Citizenship by Investment & Tax Residency in the Caribbean

Spotlight
16 October 2018
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This interview originally appeared on June 26, 2018.

Taxlinked (TL): What are your thoughts on the efforts to harmonize vetting practices and information sharing among Caribbean countries that offer Citizenship by Investment (CIP) programs?

Mimoun Assraoui & David Regueiro (MA & DR): The CIP industry can be no stronger than its weakest link and nowhere is this more true than in the Caribbean with its five competing programmes. Ultimately, it is in everyone’s best interests to have these jurisdictions apply the same high level of integrity and due diligence practices because, as we all must appreciate, one mistake could have repercussions that reverberate across the industry.
 
Certainly, all these countries are applying good vetting practices but what makes a difference is the depth of the due diligence carried out. There is continued technological improvements and innovative methods to ensure the level of due diligence is at the highest international standard, like we see in Malta, which has been hailed the industry leader.
 
Whether it is introducing multi-layered due diligence processes, including some preliminary vetting by all parties involved in the process to prove they also carried out rigorous background checks, or monitoring successful applicants and reviewing their third partner providers in the due diligence process, these CIP countries must work together. We cannot have inconsistent vetting processes where applicants ‘shop around’ not only over price but also because of differing levels of due diligence!
 
After all, many do not realise but the five Caribbean countries, Antigua & Barbuda, Dominica, Grenada, St Kitts and Nevis and St Lucia, are members of CARICOM, which allows right of establishment in any country in the region.
 
This isn’t an issue of sovereignty, therefore, but of regional and international interest where harmonisation of the vetting process and sharing of information is crucial for the sustainability of these programmes.

TL: Have any Caribbean countries introduced their own tax residency plans to go alongside their other services? What do these tax residency programs consist of?

MA & DR: I don’t know if ‘introduce’ is the right word; maybe a more accurate phrase would be to ask whether these countries have formalised and improved some of their tax regimes, which were always there and available to citizens, but now have been extended to corporations and non-citizen residents of these countries. Of course, this is to make the CIPs more attractive, but if we look at passports as more than just a commodity, then second citizenship really is about prudent financial planning. So, what we know at this stage is that three out of the five Caribbean countries, St Lucia, St Kitts and Nevis and Dominica, have signaled an interest in developing tax residency programmes.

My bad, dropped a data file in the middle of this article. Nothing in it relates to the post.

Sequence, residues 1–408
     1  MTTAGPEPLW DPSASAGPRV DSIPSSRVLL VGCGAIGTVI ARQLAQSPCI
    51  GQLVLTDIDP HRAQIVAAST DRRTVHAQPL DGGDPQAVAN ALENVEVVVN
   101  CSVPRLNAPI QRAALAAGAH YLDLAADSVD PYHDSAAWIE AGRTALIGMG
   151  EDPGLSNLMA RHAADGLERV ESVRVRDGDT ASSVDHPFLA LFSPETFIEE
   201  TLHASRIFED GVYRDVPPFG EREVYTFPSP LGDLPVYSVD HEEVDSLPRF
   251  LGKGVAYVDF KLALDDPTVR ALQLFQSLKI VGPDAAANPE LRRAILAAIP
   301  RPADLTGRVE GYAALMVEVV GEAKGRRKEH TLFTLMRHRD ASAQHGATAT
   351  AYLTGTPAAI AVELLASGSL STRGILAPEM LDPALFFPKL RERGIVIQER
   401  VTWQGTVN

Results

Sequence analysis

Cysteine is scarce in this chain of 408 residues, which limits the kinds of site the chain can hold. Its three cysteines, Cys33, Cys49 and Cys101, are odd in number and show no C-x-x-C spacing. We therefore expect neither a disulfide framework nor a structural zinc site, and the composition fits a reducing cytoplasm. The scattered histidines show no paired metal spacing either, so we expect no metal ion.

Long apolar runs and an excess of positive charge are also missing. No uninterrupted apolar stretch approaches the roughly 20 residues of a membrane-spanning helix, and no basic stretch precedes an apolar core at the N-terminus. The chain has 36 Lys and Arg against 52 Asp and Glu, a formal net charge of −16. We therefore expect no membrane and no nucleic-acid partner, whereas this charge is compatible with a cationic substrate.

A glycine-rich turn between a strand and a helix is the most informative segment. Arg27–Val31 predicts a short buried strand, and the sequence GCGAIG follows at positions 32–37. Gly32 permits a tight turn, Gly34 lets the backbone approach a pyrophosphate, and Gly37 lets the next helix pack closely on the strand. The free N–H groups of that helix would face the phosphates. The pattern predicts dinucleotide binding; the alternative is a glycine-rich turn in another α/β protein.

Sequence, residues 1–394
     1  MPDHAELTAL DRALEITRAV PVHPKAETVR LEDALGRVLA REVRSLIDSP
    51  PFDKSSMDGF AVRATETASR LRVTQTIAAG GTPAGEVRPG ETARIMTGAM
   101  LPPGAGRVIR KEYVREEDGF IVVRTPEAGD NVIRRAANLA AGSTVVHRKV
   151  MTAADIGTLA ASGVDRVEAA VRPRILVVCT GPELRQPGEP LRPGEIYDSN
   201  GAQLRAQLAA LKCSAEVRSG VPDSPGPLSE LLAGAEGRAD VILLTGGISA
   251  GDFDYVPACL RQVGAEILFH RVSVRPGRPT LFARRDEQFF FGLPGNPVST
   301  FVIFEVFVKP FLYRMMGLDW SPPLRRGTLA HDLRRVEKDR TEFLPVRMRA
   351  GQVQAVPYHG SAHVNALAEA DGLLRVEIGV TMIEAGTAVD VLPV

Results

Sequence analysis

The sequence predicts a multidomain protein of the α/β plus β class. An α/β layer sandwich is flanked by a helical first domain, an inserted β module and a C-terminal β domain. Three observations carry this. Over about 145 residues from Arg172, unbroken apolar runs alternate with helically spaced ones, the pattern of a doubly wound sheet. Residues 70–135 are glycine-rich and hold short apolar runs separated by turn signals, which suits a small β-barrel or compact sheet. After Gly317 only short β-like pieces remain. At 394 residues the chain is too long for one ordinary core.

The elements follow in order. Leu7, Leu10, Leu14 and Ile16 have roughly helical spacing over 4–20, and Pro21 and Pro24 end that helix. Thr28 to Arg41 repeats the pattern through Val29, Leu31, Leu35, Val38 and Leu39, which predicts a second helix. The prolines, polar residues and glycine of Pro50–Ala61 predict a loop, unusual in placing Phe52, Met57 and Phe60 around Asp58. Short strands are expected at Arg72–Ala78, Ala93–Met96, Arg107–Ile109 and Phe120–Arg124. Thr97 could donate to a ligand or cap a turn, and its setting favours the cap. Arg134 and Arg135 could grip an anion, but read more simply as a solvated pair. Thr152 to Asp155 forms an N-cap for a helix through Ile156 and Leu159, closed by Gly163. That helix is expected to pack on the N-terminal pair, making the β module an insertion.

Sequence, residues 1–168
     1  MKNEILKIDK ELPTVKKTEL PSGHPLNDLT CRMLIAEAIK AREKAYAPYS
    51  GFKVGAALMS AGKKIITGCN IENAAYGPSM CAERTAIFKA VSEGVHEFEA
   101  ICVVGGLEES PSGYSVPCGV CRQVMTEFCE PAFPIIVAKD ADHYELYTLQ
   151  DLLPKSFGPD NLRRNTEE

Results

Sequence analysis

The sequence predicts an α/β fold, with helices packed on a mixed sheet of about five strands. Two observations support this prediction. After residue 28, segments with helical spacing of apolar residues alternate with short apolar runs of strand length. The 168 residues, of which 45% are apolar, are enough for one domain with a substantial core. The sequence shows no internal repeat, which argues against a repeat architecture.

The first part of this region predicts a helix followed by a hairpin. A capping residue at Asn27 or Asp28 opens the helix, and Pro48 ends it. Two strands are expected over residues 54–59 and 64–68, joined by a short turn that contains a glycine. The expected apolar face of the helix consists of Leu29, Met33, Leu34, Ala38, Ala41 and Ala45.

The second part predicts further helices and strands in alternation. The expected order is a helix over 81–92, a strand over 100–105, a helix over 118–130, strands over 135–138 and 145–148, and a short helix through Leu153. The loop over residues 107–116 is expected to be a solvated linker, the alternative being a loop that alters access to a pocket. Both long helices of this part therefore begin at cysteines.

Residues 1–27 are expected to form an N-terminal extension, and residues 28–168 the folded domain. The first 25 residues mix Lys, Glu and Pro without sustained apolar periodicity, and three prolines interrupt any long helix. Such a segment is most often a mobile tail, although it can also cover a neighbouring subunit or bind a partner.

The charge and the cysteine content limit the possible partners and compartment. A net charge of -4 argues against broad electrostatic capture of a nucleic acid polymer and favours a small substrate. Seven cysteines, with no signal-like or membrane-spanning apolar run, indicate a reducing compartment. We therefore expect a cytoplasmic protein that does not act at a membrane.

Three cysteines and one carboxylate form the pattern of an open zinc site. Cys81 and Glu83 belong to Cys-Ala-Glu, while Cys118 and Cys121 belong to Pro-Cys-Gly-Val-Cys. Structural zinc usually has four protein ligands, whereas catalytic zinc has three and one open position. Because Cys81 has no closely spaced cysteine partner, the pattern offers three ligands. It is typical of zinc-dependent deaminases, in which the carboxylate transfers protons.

St Lucia started with tax benefits for corporations passing the International Business Companies (Amendment) Act of 2017, better known as the Headquarters Act, for example, which saw large firms like Digicel relocate its headquarters to St Lucia. Companies with their headquarters in the country thus have a favourable tax rate in addition to there being no duties on equipment, no need for work permits, and workers don’t pay income tax. For individuals, citizens or residents who buy real estate or have a rental agreement for 2 years qualify for a flat rate on worldwide income.
 
St Kitts and Nevis, on the other hand, has proposed a residency requirement of 2 months per year for citizens and residents. St Kitts has a zero tax policy and so they have maintained this without creating a dual tax structure. Economic citizens who followed the contribution route or invested in real estate or residents who invest in real estate can take advantage of this regime by paying a small fee and spending at least 2 months per year in St Kitts.
 
The only information we know about Dominica to date is that plans are afoot to encourage new citizens who do not necessarily reside in Dominica to become tax residents there by paying a minimum amount of tax. At the present time, its citizens are not liable to taxation in Dominica on any income earned outside of Dominica unless they decide to reside there.